Thanks to a program offered by the Evangelical Lutheran Church in America (ELCA), Wittenberg University graduate Megan Mong will soon embark on a journey to Jerusalem to walk with others on their respective paths.
Mong, from Salina, Kansas, graduated in 2019 with a degree in religion and a minor in sociology. She will be working with Palestinian Christians in a church setting and teaching English to younger children within the school system in Jerusalem through the ELCA’s Young Adults in Global Mission (YAGM) program. The program, which is modeled after the Peace Corps, invites young adults ages 21 to 29 to participate in a transformative, year-long journey in international service. Wittenberg has created a steady pipeline into YAGM, one of the ELCA’s premier leadership development programs.
“No matter my official job(s), the biggest thing I will be doing is walking with the people I meet,” said Mong, who was an orientation assistant and peer mentor, as well as a member of the Weaver Chapel Association, Common Ground, and Kappa Delta during her time at Wittenberg. “Accompaniment and walking in faith are the main things I will be doing during my time there. I fell in love with the YAGM program because of its model of accompaniment. We aren't traditional missionaries whose goal is to convert people, but rather we walk with the people in our communities.”
Mong applied to YAGM in December 2018. Then, in April and four interviews later, she received word that she was assigned to a school in Jerusalem. She leaves in mid-August for her year of service.
“I have not studied abroad and am super nervous about it. I'm not sure what to expect, but I will be leaving with five other missionaries, who will also live in Jerusalem for the first time,” she continued. “Originally, I was supposed to be interviewing for Rwanda or Cambodia, but there were some unforeseen circumstances, and Cambodia was no longer an option. When listing my country preferences, I was excited to go anywhere that didn't require me to be fluent in another language. My parents were members of an ELCA congregation, so I have always been involved with the ELCA. When I was around 10, my church had a former YAGM volunteer come speak to my congregation, and I fell in love with the program then. The idea of being able to travel and help people along the way resonated with me.”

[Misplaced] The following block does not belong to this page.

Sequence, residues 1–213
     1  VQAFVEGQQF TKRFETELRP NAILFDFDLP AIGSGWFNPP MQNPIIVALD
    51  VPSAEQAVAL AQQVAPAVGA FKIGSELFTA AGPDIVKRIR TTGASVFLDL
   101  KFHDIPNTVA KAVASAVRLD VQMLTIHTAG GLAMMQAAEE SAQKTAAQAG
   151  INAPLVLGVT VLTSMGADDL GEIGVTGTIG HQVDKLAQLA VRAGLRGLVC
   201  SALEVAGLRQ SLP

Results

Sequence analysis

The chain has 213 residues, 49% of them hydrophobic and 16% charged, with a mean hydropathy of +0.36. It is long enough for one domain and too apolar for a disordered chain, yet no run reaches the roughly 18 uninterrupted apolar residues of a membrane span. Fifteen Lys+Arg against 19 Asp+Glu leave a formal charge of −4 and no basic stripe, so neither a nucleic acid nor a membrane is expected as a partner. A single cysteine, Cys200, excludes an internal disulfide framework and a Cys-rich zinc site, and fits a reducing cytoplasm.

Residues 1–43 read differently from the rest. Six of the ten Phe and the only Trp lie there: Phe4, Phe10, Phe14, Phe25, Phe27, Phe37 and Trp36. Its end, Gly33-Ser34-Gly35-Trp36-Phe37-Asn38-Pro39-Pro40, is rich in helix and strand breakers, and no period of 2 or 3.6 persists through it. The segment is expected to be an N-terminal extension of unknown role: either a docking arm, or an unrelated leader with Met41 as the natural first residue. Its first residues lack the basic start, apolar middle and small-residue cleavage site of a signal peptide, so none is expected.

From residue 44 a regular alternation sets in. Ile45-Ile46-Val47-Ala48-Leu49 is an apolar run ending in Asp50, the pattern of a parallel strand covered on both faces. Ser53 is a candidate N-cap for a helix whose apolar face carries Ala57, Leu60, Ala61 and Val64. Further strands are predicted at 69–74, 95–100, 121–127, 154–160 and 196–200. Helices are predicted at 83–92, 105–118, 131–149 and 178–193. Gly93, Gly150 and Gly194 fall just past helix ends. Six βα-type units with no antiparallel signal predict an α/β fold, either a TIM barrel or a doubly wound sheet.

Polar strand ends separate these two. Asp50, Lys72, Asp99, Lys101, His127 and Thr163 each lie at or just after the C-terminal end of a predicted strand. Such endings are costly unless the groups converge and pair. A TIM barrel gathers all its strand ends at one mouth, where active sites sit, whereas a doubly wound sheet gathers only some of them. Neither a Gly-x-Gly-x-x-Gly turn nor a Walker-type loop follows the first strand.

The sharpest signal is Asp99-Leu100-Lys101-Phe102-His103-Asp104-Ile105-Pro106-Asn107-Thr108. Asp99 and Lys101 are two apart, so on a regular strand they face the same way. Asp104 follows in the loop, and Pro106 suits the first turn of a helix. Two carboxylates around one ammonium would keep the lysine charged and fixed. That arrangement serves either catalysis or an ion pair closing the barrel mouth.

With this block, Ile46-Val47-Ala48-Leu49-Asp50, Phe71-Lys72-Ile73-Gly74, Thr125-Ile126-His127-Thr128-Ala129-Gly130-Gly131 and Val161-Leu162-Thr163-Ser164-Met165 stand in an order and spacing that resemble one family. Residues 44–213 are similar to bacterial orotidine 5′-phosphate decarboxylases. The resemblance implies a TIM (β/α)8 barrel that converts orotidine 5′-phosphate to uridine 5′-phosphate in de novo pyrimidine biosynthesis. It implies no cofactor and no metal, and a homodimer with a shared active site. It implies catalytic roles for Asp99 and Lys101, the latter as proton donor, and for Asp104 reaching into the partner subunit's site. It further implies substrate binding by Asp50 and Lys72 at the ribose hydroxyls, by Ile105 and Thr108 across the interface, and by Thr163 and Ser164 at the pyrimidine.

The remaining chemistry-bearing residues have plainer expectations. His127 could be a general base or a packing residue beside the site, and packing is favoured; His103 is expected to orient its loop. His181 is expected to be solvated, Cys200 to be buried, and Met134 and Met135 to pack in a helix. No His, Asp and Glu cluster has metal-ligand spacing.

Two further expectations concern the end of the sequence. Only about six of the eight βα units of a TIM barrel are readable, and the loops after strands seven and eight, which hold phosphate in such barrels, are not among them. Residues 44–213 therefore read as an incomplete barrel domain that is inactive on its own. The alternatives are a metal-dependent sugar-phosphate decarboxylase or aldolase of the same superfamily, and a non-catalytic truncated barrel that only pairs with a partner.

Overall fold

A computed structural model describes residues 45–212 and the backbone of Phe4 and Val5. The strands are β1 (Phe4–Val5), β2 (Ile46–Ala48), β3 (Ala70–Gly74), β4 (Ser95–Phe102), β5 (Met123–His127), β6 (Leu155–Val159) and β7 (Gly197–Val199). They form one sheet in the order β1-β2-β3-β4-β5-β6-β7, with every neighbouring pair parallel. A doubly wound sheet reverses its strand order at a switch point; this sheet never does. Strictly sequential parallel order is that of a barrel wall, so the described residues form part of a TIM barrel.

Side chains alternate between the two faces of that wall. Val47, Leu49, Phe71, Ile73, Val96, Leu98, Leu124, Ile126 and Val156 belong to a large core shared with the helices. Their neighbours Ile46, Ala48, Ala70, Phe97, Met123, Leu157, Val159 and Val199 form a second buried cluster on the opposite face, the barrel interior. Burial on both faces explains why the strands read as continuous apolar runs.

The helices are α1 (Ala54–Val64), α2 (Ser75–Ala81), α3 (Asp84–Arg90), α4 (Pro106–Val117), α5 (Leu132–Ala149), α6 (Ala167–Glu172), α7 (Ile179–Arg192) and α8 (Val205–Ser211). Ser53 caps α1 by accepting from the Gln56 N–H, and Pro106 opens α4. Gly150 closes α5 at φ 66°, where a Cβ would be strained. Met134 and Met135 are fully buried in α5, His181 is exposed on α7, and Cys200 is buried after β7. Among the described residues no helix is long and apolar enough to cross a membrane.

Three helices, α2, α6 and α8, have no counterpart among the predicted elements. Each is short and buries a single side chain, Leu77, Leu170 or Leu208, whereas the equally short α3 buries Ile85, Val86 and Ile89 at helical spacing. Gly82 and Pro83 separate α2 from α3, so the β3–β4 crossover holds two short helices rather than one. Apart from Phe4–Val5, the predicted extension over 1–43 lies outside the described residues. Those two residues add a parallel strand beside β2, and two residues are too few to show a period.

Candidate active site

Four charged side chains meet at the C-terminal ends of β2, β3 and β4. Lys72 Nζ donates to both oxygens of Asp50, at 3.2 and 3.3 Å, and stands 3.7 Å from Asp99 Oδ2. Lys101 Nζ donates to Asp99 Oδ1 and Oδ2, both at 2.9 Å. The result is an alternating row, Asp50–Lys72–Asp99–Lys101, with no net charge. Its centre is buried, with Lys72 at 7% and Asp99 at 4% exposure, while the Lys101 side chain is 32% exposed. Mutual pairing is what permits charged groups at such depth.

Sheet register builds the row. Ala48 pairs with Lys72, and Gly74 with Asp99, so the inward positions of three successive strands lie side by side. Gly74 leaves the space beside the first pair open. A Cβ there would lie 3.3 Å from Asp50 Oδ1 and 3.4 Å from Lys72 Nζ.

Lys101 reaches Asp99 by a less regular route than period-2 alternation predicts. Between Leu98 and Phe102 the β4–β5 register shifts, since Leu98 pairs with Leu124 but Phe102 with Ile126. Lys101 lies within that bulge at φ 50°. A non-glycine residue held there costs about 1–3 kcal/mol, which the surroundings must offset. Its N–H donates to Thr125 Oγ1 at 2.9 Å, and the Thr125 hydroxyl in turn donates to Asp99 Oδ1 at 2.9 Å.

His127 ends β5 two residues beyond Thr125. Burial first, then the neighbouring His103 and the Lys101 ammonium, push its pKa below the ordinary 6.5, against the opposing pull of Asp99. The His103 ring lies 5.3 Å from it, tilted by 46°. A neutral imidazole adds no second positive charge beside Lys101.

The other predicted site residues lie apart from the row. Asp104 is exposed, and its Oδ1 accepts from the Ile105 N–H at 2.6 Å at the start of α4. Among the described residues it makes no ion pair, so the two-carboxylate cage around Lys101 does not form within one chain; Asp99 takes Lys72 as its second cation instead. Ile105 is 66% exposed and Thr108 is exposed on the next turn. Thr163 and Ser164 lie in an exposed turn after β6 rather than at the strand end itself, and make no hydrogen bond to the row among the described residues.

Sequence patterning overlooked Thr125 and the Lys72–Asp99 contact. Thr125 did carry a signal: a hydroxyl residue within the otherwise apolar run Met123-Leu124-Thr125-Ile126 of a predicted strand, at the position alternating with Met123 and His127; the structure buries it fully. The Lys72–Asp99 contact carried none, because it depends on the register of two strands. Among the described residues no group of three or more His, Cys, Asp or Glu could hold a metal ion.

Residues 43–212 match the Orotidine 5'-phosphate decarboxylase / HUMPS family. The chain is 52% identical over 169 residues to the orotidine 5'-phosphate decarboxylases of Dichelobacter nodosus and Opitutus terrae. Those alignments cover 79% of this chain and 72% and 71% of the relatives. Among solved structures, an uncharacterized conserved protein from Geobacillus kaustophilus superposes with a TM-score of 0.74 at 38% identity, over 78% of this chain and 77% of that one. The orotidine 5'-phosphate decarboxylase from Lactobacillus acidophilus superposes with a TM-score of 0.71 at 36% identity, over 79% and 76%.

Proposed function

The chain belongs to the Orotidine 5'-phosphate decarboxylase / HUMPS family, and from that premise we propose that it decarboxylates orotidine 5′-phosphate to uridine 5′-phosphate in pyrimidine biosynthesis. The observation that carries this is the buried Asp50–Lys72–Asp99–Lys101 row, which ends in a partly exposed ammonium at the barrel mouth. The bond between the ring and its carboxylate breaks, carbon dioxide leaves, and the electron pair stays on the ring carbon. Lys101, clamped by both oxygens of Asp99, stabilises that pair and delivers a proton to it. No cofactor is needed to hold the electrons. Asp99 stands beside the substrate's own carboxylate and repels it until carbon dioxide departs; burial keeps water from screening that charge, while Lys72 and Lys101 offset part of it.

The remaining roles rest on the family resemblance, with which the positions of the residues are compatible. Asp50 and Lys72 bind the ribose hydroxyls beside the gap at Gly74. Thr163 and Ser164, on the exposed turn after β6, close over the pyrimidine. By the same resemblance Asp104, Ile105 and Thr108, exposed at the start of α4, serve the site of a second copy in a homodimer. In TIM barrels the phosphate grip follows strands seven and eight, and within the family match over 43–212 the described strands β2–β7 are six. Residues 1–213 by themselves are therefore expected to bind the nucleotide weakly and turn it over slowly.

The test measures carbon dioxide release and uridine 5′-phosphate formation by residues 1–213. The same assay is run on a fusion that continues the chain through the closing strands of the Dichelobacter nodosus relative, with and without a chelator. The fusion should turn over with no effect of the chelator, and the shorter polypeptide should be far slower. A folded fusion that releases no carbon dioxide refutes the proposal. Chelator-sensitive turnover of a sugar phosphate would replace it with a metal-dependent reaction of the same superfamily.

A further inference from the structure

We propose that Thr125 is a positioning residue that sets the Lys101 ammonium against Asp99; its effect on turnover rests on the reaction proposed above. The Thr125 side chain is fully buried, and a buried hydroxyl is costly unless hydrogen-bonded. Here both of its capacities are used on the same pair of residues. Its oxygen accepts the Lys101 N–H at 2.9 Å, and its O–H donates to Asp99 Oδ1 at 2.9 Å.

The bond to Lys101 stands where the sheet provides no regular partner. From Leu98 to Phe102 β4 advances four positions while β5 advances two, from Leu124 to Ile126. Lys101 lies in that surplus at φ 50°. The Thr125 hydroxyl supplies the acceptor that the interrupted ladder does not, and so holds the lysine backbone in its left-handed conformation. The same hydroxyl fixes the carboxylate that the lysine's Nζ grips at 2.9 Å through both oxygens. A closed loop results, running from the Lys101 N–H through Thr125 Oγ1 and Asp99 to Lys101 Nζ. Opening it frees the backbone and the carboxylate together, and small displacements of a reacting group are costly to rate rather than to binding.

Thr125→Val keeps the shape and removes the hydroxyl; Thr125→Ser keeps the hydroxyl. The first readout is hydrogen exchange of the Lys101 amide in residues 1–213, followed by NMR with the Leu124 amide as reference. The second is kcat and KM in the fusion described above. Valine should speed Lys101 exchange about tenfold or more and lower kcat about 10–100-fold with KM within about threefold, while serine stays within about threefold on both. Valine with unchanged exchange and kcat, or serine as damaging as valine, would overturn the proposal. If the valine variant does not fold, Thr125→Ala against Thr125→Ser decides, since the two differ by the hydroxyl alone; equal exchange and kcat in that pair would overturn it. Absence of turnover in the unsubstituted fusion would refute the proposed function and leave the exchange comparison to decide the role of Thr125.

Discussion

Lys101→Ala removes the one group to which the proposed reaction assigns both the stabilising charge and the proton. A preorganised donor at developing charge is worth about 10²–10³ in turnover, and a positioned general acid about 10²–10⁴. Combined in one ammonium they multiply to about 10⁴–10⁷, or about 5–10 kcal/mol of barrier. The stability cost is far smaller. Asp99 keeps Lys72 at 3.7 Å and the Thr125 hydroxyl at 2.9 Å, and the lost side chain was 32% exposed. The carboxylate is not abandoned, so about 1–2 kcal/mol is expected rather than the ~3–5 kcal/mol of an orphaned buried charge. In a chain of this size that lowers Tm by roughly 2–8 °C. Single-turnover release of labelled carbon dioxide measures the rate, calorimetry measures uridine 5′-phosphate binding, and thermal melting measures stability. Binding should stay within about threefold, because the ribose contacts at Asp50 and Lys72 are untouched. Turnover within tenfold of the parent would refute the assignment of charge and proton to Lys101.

Mong is one of more than 85 young adults serving on behalf of the ELCA in 11 different country programs around the world. As they offer themselves in service, ELCA young adults are shaped by the witness of global neighbors and share in the journeys of companion churches and organizations around the world. A year of service through the YAGM program allows young adults to provide critical support to ministries and projects in communities of need, and invites volunteers into a journey of self-reflection, providing space to consider their sense of identity, God’s work in the world, and their place within it all.
Areas of service include, but are not limited to, health and development, congregational ministry, human rights, education, homelessness, addiction recovery, women’s issues, and children and youth. All site placements provide opportunities for young adults to confront issues of wealth and poverty, racial privilege, and economic disparity and globalization, all through the lens of faith.
After her year of service, Mong is considering a call to ministry and seminary. One thing she does know is that she wants to continue to work in a service-oriented profession.
“I always thought I would be in a helping or service-oriented profession, and the YAGM program is a dream come true for me,” she said. “I didn't really think I would be able to travel abroad while also helping people. Wittenberg gave me the confidence to actually pursue what I wanted to do. Our campus is very service-oriented and that helped a lot to keep the passion alive and connect me to other people who have taken similar career paths.”